From Endurance to Dressage
Back to Work
I didn't get a lot done over the weekend, but it was nice to get back in the saddle. Of course, this week is going to be a little hit or miss as I have after work appointments two out of the five afternoons.
Over the weekend, I finally got to get back on Izzy and do some more work in the double bridle, but this time, I had to do it alone without a trainer in my ear. I don't know why the double intimidated me so much. On Izzy, it fees like the most natural thing. It is so much easier to have a conversation with him. It's almost like I ditched an old, staticky cell phone for one that has a better "connection."
He's still the same horse, that hasn't changed. But now, instead of arguing for 15 minutes about why spooking isn't the way to go, the discussion lasts for 15 seconds, and we move on.
We're still struggling with maintaining a steady tempo, but with the double, the variations in his speed are much smaller. We don't fluctuate between mach 10 and sucking back. Now, we go forward, and I remind him to slow down with a half halt, and he can hear me.
My homework was to work on keeping the tempo steady, but Chemaine also gave me a tip regarding the canter. Instead of thinking, Okay we're getting ready to canter, GET READY, OKAY NOW SHOVE THAT HIP FORWARD, she had me just lift my inside seatbone without all of the other fanfare. All of that preparing and dramatizing only ensured that the transition to the new gait would be a wild launch forward.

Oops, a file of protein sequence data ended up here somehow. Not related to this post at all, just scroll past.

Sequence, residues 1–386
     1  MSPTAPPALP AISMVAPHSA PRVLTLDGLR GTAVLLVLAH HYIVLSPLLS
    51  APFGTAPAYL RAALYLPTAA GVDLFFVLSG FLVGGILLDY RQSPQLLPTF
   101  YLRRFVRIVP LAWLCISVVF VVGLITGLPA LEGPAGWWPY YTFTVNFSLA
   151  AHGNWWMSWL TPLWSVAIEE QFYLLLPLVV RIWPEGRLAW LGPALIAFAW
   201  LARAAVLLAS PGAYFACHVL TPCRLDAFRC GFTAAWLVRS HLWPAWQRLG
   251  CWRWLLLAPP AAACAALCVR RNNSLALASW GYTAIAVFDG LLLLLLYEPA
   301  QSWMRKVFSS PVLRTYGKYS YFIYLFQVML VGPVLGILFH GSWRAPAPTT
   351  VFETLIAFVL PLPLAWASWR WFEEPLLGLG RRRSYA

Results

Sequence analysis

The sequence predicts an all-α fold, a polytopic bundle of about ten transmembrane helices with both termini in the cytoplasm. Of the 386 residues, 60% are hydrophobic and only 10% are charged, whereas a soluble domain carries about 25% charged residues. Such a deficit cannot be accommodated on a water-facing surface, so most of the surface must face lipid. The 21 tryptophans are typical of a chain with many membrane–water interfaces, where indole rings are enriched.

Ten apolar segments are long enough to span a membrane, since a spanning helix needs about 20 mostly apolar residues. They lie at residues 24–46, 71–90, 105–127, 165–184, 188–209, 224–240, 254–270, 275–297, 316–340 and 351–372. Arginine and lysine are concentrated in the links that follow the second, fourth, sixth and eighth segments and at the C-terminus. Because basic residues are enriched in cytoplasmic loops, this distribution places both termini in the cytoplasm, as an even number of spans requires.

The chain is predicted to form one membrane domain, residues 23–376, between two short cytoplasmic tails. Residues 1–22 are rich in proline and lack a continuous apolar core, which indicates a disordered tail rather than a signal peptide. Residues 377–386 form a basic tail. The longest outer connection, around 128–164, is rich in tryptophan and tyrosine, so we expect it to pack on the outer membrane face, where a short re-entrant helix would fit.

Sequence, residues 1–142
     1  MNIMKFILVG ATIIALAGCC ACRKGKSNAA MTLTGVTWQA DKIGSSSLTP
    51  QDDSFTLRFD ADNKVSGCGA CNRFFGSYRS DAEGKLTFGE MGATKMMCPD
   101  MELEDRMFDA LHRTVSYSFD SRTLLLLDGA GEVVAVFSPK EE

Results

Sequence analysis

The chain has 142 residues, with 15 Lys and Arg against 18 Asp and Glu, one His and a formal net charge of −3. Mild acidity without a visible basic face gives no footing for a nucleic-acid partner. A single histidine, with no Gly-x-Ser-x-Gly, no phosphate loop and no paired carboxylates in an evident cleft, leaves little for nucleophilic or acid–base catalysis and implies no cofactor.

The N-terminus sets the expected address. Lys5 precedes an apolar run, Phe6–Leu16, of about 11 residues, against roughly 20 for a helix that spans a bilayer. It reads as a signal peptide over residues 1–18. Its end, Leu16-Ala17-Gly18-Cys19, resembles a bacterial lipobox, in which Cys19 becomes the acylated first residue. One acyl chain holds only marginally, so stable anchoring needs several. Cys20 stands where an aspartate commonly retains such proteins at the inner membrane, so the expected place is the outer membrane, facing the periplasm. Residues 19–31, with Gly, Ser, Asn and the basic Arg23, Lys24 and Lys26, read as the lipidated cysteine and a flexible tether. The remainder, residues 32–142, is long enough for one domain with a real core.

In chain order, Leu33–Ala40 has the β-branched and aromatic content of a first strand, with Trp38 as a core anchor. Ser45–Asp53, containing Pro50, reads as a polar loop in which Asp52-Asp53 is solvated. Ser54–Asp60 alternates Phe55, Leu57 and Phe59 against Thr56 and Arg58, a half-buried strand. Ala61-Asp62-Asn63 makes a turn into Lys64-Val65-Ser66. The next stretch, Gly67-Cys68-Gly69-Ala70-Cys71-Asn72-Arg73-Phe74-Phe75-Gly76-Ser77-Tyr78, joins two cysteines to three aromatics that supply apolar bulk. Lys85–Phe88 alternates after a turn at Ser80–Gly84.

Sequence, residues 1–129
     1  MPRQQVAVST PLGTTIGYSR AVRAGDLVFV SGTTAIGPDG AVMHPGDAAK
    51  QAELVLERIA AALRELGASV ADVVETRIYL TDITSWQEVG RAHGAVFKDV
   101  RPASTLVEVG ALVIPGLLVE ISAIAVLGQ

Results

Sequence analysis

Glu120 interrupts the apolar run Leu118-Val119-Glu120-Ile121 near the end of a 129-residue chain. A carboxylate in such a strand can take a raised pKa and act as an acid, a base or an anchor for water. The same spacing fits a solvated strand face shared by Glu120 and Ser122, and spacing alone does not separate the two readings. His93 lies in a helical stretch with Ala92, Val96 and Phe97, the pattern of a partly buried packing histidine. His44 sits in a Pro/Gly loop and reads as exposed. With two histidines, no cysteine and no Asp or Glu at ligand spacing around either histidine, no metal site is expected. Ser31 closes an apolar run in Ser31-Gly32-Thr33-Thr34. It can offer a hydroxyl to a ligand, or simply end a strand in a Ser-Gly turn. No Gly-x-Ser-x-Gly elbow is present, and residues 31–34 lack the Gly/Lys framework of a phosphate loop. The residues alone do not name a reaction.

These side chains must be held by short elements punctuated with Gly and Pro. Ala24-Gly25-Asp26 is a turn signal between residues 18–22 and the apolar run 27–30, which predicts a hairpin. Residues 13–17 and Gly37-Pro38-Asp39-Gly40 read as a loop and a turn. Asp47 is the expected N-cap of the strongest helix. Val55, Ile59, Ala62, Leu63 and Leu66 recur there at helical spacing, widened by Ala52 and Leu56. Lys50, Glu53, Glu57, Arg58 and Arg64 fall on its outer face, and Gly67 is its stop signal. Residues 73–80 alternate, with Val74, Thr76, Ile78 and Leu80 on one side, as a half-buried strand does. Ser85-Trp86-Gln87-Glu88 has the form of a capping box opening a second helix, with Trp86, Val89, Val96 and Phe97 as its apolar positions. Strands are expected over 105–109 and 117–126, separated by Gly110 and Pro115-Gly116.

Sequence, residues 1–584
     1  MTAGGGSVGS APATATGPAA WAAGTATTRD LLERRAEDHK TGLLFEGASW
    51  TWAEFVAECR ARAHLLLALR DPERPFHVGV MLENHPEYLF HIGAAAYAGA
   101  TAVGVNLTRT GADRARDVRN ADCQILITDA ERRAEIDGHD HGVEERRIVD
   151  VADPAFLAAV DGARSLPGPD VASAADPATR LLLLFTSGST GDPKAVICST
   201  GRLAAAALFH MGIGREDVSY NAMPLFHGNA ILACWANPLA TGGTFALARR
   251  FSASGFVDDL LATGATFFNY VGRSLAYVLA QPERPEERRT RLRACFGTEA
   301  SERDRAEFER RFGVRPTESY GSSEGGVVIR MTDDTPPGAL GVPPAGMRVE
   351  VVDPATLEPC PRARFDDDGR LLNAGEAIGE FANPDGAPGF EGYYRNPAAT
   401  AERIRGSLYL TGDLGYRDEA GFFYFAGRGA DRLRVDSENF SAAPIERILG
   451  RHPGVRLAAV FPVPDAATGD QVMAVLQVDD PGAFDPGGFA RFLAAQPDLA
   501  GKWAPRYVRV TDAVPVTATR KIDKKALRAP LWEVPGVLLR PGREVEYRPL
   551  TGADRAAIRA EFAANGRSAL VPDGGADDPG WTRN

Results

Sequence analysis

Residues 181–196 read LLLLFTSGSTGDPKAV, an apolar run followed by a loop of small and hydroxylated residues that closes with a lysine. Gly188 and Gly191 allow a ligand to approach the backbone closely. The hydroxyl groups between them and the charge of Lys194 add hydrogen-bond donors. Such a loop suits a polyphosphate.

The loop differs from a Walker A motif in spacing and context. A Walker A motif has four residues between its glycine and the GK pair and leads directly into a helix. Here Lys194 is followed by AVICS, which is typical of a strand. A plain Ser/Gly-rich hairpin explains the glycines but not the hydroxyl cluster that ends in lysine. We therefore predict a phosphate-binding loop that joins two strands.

So, I worked on getting him deep and soft in the trot and then just (tried) slid my inside seatbone forward. That horse is super sensitive. He flicked an ear back at me and then bounced around a bit, but after organizing his legs, he rolleded into a less wild canter. We tried a few more times until he got it just right. When we switched directions, he picked up the canter effortlessly.
I can't say it enough: this double bridle is proving to be the most valuable tool in my tackroom. I feel like we can now really start moving forward. And on that note, I think we can finally say that we're no longer an Introductory Level team. While we haven't shown there yet, I still feel good about calling us a Training Level team.
Yea for progress!
i received the following advice from someone i have a lot of respect for as a dressage rider and trainer (of both horses and humans) regarding the use of artificial aids that are illegal in the show ring:
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About the Writer and Rider
I am a lifelong rider.
I began endurance riding in 1996 where I ultimately completed five, one-day 100 mile races, the 200-mile Death Valley Encounter, and numerous other 50, 65, and 75 mile races. I began showing dressage in 2010.
Welcome to my dressage journey.
About Speedy G
Speedy went from endurance horse to dressage horse. After helping me earn a USDF Bronze medal in the summer of 2020, he is now semi-retired. Speedy is a 2004, 15'1 hand, purebred Arabian gelding. His Arabian Horse Registry name is G Ima Starr FA.
Izzy was started as a four-year old and then spent the next 18 months in pasture growing up. I bought him as a six-year old, and together, we are showing at the lower levels. He is a 2008, 16'3 hand warmblood gelding. His Rheinland Pfalz-saar International (RPSI) name is Imperioso.
National Rider Awards
State Rider Awards
State Horse Awards
CDS Sapphire Rider Award
Third Level: 63.514%
Third Level: 62.105%
2023 Show Season
(r) Ride-a-Test Clinic
2023 Show Schedule
2023 Completed …
2023 Qualifying Scores
Regional Adult Amateur Competition (RAAC)
Qualifying Training Level
3 Scores/2 Judges/60%: